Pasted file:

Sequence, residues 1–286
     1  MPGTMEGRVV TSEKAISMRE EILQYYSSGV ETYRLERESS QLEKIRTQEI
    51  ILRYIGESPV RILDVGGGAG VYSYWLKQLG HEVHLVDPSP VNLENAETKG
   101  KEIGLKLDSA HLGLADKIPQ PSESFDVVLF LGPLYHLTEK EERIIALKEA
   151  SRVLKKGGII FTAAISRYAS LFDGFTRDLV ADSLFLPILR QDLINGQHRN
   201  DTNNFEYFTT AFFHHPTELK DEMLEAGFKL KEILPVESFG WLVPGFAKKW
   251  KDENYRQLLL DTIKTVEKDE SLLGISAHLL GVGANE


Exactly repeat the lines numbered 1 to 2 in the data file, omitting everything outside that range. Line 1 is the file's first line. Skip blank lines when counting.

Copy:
Sequence, residues 1–286
     1  MPGTMEGRVV TSEKAISMRE EILQYYSSGV ETYRLERESS QLEKIRTQEI